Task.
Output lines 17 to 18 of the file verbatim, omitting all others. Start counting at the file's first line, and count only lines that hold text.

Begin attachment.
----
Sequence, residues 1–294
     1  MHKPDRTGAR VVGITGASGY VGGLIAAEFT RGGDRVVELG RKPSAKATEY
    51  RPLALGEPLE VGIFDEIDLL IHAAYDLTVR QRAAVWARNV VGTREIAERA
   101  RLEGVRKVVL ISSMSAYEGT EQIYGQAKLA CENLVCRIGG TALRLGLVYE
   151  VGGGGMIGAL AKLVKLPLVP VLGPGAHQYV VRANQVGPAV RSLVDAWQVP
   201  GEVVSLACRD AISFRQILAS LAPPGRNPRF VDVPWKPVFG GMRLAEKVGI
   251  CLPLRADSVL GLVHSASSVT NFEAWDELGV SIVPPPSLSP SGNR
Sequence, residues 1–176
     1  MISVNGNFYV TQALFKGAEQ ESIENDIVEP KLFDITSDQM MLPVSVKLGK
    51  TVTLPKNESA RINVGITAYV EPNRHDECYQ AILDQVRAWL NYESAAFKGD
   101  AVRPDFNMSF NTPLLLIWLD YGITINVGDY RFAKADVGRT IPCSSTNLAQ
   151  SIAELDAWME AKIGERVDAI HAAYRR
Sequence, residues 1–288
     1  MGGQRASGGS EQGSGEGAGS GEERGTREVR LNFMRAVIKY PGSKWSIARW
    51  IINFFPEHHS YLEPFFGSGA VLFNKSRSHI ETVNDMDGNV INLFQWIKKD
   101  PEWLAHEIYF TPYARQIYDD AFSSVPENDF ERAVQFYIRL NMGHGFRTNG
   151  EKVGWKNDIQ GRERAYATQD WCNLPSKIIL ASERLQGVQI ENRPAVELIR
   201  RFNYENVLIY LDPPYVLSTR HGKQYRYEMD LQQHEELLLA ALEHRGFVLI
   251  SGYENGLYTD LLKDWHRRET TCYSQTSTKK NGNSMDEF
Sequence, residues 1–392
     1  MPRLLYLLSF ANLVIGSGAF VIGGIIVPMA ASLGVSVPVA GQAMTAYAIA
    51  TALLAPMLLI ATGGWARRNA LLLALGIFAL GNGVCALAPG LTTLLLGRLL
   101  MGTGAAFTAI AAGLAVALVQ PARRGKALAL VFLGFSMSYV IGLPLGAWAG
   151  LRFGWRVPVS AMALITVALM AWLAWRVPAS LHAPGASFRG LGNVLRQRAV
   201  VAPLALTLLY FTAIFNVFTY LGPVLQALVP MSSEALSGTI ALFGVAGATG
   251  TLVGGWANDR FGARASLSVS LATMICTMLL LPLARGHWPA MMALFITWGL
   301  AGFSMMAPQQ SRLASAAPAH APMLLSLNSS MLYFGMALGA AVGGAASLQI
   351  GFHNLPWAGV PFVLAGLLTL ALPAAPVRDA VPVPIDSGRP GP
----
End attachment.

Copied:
   151  EKVGWKNDIQ GRERAYATQD WCNLPSKIIL ASERLQGVQI ENRPAVELIR
   201  RFNYENVLIY LDPPYVLSTR HGKQYRYEMD LQQHEELLLA ALEHRGFVLI